Let me come clean: I have never had a good experience in any formal performance review. I tend towards the “tell me what you want me to do and let me do it” mindset. Whenever I have managed employees, I have always believed that if you didn’t know how you were doing at least every week, I wasn’t doing my job.
You would think that as a consultant, I would be gung-ho for anything that smacks of pay-for-performance. And I am. I’ve been consulting to business and industry since 1988 in a variety of positions, but the easiest description is simply helping people achieve their business goals. My last proposal, still in the works, had our money substantially tied to the company meetings its goal of moving from US$140M to US$250M. I believe in myself, believe in my ability to help someone go farther than they could otherwise. Pay-for-performance is the only way that I understand pay, and I understand performance to be tied to meeting goals that in the end are tied to some form of measurable state, whether growth, money, installation, or customer satisfaction.
But I just don’t understand what purpose annual performance reviews serve. Some of you use them and believe in them. What do you use them for?
My experience in them has created my dislike of formal employee performance reviews. I have performance reviews in my consulting on a regular basis. Normally I have to insist on them so that I and my client are always clear on what the other wants and is doing. But my experience with employee performance reviews has been different, in the limited times I have worked for someone else. Normally I had no idea what I was to be judged on, what the rules are. I went into them knowing that I would probably be hammered. The one time I figured I could coast turned into a horrible experience I have described at length elsewhere.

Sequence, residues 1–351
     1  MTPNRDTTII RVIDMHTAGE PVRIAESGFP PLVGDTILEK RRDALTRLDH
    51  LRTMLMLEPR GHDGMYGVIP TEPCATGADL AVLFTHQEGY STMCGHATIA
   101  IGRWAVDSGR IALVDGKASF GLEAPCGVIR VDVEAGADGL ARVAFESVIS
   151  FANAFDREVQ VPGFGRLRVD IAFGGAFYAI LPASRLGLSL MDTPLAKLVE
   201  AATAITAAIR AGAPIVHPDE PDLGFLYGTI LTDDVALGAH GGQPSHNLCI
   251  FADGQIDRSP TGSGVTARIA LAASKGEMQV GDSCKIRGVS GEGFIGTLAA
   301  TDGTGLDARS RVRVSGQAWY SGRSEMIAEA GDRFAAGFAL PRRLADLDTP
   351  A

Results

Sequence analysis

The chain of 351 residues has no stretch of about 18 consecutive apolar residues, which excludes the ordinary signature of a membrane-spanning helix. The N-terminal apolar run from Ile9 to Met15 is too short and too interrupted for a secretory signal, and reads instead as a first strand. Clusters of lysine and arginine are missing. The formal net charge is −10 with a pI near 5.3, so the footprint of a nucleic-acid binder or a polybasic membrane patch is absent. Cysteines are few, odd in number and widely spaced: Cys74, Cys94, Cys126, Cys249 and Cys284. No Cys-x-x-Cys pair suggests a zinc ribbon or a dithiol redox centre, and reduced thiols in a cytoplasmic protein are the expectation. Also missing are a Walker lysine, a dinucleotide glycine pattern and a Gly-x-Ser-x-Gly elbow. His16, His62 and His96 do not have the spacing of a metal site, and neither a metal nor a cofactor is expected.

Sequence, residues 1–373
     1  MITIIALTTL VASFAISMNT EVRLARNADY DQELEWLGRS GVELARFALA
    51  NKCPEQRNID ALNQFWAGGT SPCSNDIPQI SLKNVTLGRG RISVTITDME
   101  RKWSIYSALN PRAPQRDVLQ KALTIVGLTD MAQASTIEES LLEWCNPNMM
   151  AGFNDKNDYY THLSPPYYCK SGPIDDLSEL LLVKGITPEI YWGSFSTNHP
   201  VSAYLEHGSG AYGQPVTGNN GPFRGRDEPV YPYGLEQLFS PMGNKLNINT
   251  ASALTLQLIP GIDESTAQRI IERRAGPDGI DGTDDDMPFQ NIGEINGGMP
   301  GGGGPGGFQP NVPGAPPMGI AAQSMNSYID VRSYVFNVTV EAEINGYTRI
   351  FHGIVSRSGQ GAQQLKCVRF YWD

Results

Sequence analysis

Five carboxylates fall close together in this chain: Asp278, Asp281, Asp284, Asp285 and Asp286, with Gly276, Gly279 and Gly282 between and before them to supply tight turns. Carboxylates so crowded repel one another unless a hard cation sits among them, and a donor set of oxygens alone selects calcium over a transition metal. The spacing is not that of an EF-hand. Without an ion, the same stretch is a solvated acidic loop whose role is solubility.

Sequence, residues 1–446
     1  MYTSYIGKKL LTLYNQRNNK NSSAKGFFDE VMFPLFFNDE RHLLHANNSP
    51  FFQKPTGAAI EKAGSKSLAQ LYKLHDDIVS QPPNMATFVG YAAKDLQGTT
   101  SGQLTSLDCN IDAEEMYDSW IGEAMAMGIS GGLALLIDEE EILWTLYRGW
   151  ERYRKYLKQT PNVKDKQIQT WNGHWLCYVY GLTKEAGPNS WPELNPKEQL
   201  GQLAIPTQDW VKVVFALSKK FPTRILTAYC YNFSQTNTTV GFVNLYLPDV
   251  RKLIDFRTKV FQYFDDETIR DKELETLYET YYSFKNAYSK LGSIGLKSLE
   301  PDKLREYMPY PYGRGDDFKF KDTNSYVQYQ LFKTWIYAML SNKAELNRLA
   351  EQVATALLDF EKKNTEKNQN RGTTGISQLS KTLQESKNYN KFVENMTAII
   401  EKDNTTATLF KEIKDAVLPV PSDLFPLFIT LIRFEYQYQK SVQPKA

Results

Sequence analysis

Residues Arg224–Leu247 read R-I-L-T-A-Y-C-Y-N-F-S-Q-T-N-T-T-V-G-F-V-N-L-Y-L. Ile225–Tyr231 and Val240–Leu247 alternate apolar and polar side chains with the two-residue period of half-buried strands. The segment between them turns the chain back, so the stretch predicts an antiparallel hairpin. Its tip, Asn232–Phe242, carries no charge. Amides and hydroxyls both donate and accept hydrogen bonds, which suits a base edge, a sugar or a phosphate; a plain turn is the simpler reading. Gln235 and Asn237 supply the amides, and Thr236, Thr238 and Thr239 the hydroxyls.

The stories I hear from corporate managers that I respect tend towards having to manipulate the system. Many of them go along the lines of the curve from university: it didn’t matter whether everyone answered everything correctly, because someone had to fail. I never liked the curve: it seemed to change the rules of the game to be simply competition rather than meeting set demands. Perhaps it represents the real market economy, but I’ve always been a cooperativist rather than a capitalist. The managers I respect seem to give out rotating poorer marks so that they can have someone who is not performing well.
So what are these things supposed to do?
I like Jaques’s ideas about felt-fair pay because it solves this problem. Pay people for what you hired them to do. Get rid of them if they don’t do it.
Also, Al has an interesting article (see the sidebar) about why incentive systems don’t work.